Take off Siera Bearchell’s Miss Universe Canada sash, and you’ll find beauty inside and out.
BY JESSSE MINTZ
If Siera Bearchell were an emoji, she’d be the woman with her hand high in the air.
You know the one I’m talking about. It says—in one perfect little cartoon—bring it on.
Law school, long-distance marathons, international pageants, nothing—not even body shaming trolls—can stand in her way.
The 24-year-old from Moose Jaw, Saskatchewan was crowned Miss Universe Canada just days after running her first marathon. Active, fit and strong, she still faced hate for her size. To have continued success, she was told, she would need to lose weight. So, she lived on protein bars and little else, splitting one bar over the course of a full day.
Unhappy and running empty on energy, she couldn’t focus on her studies or workout.
That was then; now when you meet Siera, you’ll find a strong, confident woman—quick to laugh, shoulders back, head high, ready to meet the world.
It’s hard to imagine this woman caving to social pressure—but that just shows how insidious it is, while exposing the basic danger in societal stereotypes. Together, these things undercut the self-confidence of too many young women.
Realizing this, when Siera got to the Miss Universe competition—the first Métis woman to represent Canada at Miss Universe—she decided to compete her way. No more starving herself, no more changing herself to fit other people’s ideas of beauty.
She walked on stage smiling—beautiful and comfortable in her body.
She walked off stage to choruses of anonymous hate.
“I was told I was fat, overweight, promoting obesity,” she says of the social media posts that flooded in after the pageant. Standing up for women everywhere, Siera clapped back against the insults with self-love and positivity. Her message was then, and is now, clear: “We live in a world that profits from our insecurities, and now I want to be an advocate for women.”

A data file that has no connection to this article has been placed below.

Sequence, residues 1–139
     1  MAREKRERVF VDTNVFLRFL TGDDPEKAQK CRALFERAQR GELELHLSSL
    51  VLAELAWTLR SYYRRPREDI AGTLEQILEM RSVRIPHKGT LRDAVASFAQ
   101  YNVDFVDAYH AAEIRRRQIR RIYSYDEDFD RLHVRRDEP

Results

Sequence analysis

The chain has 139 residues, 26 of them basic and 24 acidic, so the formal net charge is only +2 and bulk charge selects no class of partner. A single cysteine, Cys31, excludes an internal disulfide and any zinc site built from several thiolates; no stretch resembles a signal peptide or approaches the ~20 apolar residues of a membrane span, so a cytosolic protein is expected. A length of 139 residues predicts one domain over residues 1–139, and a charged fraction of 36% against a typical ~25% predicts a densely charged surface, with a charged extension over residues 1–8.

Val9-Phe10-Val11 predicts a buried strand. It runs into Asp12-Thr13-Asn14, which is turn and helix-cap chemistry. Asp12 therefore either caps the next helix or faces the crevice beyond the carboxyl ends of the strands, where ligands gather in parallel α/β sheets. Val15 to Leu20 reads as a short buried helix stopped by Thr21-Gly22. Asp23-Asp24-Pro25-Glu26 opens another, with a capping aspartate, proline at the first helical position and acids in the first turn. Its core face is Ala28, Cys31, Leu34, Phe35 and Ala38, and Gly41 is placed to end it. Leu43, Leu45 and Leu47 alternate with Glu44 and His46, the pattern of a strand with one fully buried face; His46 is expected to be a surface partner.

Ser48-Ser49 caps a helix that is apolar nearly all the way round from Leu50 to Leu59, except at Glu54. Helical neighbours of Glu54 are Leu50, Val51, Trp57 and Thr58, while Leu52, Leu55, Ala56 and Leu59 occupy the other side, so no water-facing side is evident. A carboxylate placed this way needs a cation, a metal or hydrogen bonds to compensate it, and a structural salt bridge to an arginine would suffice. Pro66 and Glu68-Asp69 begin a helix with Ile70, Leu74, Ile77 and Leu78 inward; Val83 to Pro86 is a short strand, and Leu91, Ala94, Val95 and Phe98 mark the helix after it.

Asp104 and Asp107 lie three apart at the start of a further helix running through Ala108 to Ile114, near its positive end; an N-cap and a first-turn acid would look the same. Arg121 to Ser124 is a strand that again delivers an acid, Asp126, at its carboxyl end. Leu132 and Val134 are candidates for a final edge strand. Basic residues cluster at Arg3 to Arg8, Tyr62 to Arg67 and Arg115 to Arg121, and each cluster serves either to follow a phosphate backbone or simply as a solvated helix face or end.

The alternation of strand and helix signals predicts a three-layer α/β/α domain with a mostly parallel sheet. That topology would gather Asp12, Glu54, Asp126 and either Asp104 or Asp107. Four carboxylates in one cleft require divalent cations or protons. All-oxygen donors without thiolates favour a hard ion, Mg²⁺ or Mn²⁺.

She shared her story; she wrote honestly about the journey to love her body and her struggles with diet—and its relation to social pressure—over the years. She aired the criticism she faced, including being called fat and gordo—insulted for having cellulite and shamed for sharing pictures of her favourite junk food. From the dark corners of the internet, Siera dragged these comments into the light of day, where they were left to wither. And, by doing so, she reminded her growing community of followers that health is defined by neither a number on the scale nor the size of one’s jeans and—most importantly—that no one has the right to make you feel less than.
That’s the story most people know. It got picked up on CBC, Siera wrote about it for Elle and it spread across the web with the help of women and men around the world rallying under #bodyposi.
But there’s more to Siera than this familiar narrative. “WE Day was the start of my journey,” she explains. Long before the Miss Universe Canada sash was pinned to her, Siera spoke at WE Day Toronto. Only 16 at the time, she shared the stage with Ben Mulroney. Together, they talk about leadership and acting as a role model for young people.
Now, eight years later, she’s an inspiring role model motivating countless young women and men to accept themselves, starting by treating others with kindness. For Siera, the leader she is today can be traced back to that moment on the stage.
“I’ve done so much because of WE Day,” she says. “I was inspired by the speakers and performers to get involved in my community… to continue doing things I’m passionate about and to use that to not only help me grow as a person, but to change the community.”
From WE Day to the world stage, Siera is a leader, empowering young women and men to look beyond size when defining beauty. For her, normative beliefs are a road to nowhere, and so like her, she encourages others to simply, do it their way—with a side of kindness and compassion.